April Update – 2012 Personal Finance and Investing Goals

With Stanley Cup playoff hockey around the corner, I’m inspired to share Bobby Orr’s “The Goal”.    Looking at this photo gives me inspiration.

Months ago, my wife and I were inspired.  Looking ahead into 2012, we figured we could pay down more debt, save more and invest more.   Here’s a look at our personal finance and investing goals for 2012:

• Goal # 1 – Pay off our LOC by end of February ($2,000).

• Goal # 2 – Starting in March 2012 (after the LOC is paid off) put $300/month as lump-sum payments on the mortgage for the rest of the calendar year ($3,000).

• Goal # 3 – Maximize both TFSAs before end of year ($10,000 in contributions).

• Goal # 4 – Grow our emergency fund by $3,000 (to $5,000) by the end of this year.

• Goal # 5 – Optimize RRSPs ($5,000 in contributions).

• Goal # 6 – Save $3,000 for a great trip in the fall/winter.

Here’s our update:

Goal # 1 – Pay off our LOC by end of February ($2,000).

Done!  As of early February, a few weeks ahead of schedule, we slayed this financial dragon!

• Goal # 2 – Starting in March 2012 (after the LOC is paid off) put $300/month as lump-sum payments on the mortgage for the rest of the calendar year ($3,000).

Work in progress.  Earlier this month, now that our line of credit (LOC) is paid off, we updated our preauthorized payments with our mortgage lender and put part of the money we were using for the LOC to the mortgage.  The $300 per month extra mortgage payments started late last month and we’re on track to nail this goal by the end of the year.  Some other money that was going to the LOC is now building up our emergency fund (Goal # 4).

• Goal # 3 – Maximize both TFSAs before end of year ($10,000 in contributions).

50% complete.  I took a stock unregistered and moved it into my TFSA, maximizing my contribution for this year.   For my wife we’re trying to contribute what we can this year in cash to maximize her contribution.  We’ve got about $4,500 more in contribution room to go.  We hope to put a bit of money every month into the TFSA but we’re also trying to strike a balance between this goal and many others.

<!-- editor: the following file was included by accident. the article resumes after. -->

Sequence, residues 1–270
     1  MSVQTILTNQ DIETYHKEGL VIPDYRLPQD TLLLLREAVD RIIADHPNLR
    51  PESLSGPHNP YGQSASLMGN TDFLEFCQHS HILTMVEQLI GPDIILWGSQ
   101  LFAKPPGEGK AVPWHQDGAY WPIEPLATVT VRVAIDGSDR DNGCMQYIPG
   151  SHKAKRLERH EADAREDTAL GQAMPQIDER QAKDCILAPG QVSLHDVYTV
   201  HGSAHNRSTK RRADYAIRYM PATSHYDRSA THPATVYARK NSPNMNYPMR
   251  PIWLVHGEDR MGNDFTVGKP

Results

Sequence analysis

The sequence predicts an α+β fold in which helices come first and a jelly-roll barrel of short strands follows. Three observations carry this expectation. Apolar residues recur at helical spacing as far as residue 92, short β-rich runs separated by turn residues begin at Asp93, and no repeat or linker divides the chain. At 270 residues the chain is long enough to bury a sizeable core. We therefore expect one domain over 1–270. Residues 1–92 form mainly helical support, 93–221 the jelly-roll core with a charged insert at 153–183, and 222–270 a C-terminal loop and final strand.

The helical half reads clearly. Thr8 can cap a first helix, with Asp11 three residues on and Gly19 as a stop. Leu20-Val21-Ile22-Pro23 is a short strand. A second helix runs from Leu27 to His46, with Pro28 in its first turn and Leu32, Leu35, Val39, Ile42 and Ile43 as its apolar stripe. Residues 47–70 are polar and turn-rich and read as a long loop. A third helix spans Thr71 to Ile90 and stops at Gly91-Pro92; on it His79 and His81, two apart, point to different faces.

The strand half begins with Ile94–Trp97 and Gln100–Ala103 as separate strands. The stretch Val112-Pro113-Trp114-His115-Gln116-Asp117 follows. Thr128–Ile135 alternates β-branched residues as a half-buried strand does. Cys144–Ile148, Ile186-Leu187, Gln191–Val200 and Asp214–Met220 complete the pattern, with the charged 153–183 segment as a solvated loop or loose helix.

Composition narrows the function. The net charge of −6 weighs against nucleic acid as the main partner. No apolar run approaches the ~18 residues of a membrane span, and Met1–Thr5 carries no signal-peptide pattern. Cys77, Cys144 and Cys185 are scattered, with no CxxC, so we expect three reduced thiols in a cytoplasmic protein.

• Goal # 4 – Grow our emergency fund by $3,000 (to $5,000) by the end of this year.

Work in progress.  This one is important to us and you might have read a recent blogpost about it.  This goal is on autopilot since we’ve set up automatic transfers from our everyday chequing account to our emergency fund each month.  It’s going to take us some time and we’ll need to watch our spending throughout the year but by the end of this year, we should be very close to hitting this milestone.

• Goal # 5 – Optimize RRSPs ($5,000 in contributions).

Work in progress.  This is another goal we’ve tried to make automatic by building it into our monthly expenses.  Just like an Enbridge gas bill or Rogers cable bill, we make paying/contributing to our RRSPs a monthly expense.  You might recall from reading my previous blogposts I’m not enamoured with the RRSP as much as the TFSA.  We do our best to maximize our TFSAs and optimize our RRSPs.  This approach might not work for everyone but I feel it makes the most sense for us.

• Goal # 6 – Save $3,000 for a great trip in the fall/winter.

Work in progress.  Life is for the living and while saving for tomorrow is all well and good, it’s not that much fun!  So, we want to have some fun – for us that means travelling to a country or countries we’ve never been before.  We’ve got our eyes set on some countries in Central America for the winter of 2012/2013 and if we save what we should, we’ll be there.

Everyone has priorities and goals and I’m sure many people are executing on them better than we are.  We’re still learning how to be more effective with our hard-earned monies but no doubt this goal-setting and goal-monitoring activity via this blog is a great enabler.   There’s always room for improvement but through the first three months of this year we’re very happy about our progress.  I look forward to sharing more financial milestones with you later this year.